Incumbent Milledgeville City Councilman Richard “Boo” Mullins Jr. is qualified to seek re-election to the District 5 post following a hearing and subsequent ruling issued Monday afternoon.
“Having heard and considered the evidence submitted by the parties at the said hearing, together with the applicable law, I find Mr. Mullins to be qualified as a candidate for Milledgeville City Council, District 5, in the General Municipal Election,” Municipal Election Superintendent Patti Rushin wrote in her decision letter following Monday’s hearing at City Hall.
Pamela K. Beer, one of the qualified District 5 Council hopefuls running for the seat, submitted a letter and documentation earlier this month detailing her issue with Mullins’ qualification for another term. In Beer’s challenge letter filed Tuesday, Sept. 10, she stated Mullins “has committed election fraud and was sentenced as a result, and therefore is not qualified to seek re-election.”
At Monday’s hearing, Beer presented documents and referenced state laws to support her argument. Beer represented herself while Donald Oulsnam of Frier & Oulsnam represented Mullins. Rushin received legal counsel from William Noland of Childs & Noland.
“The hearing was held professionally and more than ample time was given to anyone who had anything to say. Overall, I can’t say I’m surprised at the decision although I think it may have followed the letter of the law but did not follow the spirit of the law,” Beer said after learning of the hearing’s outcome. “I have self-satisfaction that I acted on my feelings of outrage. Even if you don’t prevail, it doesn’t mean you have to give up. It doesn’t mean I will not strive to be elected and make sure the people get the most uncompromised moral representation they can get.”
Beer’s letter of challenge cited a May 24, 2006 State Election Board ruling finding probable cause that Mullins violated several election code provisions during candidacy for re-election in November 2005.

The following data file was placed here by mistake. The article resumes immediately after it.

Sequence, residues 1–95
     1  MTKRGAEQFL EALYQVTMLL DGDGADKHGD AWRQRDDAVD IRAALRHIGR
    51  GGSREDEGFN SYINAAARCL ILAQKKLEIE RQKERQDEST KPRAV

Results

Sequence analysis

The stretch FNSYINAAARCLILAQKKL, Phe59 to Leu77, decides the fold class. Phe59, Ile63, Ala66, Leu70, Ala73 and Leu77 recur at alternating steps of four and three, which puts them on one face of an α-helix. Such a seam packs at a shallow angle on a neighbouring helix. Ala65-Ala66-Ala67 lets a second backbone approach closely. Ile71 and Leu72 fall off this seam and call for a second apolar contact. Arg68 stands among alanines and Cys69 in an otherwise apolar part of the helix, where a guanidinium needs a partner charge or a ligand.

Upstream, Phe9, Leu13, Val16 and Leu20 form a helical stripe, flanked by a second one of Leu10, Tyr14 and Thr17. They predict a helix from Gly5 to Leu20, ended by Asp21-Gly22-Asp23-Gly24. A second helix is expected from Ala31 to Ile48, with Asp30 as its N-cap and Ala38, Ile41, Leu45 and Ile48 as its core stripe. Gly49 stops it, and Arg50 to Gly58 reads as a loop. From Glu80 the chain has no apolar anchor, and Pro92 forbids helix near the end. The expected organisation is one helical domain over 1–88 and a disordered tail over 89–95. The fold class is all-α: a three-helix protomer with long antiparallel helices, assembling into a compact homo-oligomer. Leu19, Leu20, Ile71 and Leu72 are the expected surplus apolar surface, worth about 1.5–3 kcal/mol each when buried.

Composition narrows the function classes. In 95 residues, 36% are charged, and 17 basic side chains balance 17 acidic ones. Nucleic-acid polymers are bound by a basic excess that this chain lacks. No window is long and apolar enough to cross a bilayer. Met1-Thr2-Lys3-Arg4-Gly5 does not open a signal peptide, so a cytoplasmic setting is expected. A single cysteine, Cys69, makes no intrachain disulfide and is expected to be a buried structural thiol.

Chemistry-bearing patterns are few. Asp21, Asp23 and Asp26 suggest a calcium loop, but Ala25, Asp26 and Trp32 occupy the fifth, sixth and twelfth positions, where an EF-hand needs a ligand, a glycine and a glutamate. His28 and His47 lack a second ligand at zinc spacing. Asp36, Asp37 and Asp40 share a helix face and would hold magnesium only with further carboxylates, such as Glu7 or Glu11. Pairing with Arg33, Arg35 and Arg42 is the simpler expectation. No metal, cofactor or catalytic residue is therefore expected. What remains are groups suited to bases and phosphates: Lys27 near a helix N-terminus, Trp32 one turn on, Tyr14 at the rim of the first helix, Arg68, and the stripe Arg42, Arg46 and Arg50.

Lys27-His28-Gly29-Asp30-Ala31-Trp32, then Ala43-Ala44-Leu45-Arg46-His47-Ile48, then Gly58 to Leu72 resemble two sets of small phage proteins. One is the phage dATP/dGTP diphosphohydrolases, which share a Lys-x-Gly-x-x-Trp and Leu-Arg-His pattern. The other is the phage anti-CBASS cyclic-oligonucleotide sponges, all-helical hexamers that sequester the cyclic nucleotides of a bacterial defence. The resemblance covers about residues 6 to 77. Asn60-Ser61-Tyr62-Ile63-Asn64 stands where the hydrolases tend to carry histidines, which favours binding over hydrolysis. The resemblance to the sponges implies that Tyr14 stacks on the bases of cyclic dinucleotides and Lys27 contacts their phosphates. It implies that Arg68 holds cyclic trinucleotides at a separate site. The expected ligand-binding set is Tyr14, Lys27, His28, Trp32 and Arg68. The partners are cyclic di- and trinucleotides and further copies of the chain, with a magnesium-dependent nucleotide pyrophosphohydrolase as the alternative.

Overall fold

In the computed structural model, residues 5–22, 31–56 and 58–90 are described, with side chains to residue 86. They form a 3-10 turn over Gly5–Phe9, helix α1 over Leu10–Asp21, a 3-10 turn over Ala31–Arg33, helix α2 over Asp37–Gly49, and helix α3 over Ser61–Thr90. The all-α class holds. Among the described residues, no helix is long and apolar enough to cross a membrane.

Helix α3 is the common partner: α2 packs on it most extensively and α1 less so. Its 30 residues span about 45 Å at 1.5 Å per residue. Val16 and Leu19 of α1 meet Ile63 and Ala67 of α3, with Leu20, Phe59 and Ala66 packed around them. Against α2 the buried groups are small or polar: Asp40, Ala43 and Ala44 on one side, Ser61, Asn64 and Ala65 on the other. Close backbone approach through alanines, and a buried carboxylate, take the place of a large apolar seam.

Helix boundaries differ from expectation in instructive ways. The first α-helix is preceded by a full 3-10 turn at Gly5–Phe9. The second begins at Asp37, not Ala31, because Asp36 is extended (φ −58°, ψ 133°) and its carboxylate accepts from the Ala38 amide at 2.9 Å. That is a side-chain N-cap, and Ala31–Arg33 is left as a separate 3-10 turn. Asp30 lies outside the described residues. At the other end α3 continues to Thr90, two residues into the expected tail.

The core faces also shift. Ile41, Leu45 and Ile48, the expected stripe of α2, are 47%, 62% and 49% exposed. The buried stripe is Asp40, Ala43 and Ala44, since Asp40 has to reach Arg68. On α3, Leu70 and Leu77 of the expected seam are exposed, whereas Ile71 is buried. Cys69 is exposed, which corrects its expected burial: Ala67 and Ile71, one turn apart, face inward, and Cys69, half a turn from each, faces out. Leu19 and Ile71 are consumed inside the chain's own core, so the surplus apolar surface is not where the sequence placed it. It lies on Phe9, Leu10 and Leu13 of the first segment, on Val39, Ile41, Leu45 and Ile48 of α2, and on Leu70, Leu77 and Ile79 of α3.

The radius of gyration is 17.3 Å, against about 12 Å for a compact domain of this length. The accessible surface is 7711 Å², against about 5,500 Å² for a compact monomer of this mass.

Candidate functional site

According to the letter, administrative law judge Stephanie M. Howells conducted a May 15-16, 2007 hearing at the Baldwin County Courthouse. After the hearing, Howells concluded that Mullins committed three violations of election code by unlawfully assisting Willie Ford Jr. in preparing his absentee ballot, unlawfully possessed Ford’s ballot and paid Ford to vote for him on the ballot with “five dollars for beer,” the decision stated.
The State Attorney General’s office failed to prove any sort of conspiracy to commit the violations or any signs of voter intimidation.
Howells’ Aug. 6, 2007 decision recommended that Mullins be required to pay $2,500 per violation plus investigative costs totaling $7,500.
The 2007 decision also resulted in Mullins’ campaign worker Larry Simmons paying a $2,500 fine for each of his eight violations including possessing and aiding in the filling out and mailing absentee ballots of several voters.
William A. Prior Jr., chief judge of the Superior Court of Baldwin County, Ocmulgee Judicial Circuit, issued an order June 16, 2008, affirming the decision by the State Election Board and supporting all findings.
“I think the intention of the statute was to make sure citizens have the best chance of well representation in their government,” Beer said, “but the bottom line is we all know Mr. Mullins committed election fraud and that won’t change no matter the decision from the hearing.”
Under the Georgia Election Code regarding the disqualifications for holding state and county elective office, a person is ineligible to hold any civil office if he or she has “been convicted of a felony involving moral turpitude.”
“I think it’s clear that Mr. Mullins has not been convicted of any felony involving moral turpitude. He has been convicted and sentenced for fraudulent violation of election laws. This was an administrative proceeding ... Georgia law does not allow disqualification of any candidate based upon a civil proceeding,” Oulsnam said during the hearing. “Mr. Mullins has been a [City Councilman] for the past 13 years, and the reason he hasn’t been removed from office is because he is still qualified to hold office.”
Rushin said the decision rendered was based solely on the evidence adduced at the hearing and the legal standard.
“There is no evidence that Mr. Mullins was convicted and sentenced of anything. The proceeding instituted against Mr. Mullins by the State Board of Elections was civil in nature and did not, nor could it, result in a conviction,” Rushin said. “The fact that it was appealed to Superior Court and affirmed does not change the civil nature of the proceeding.”
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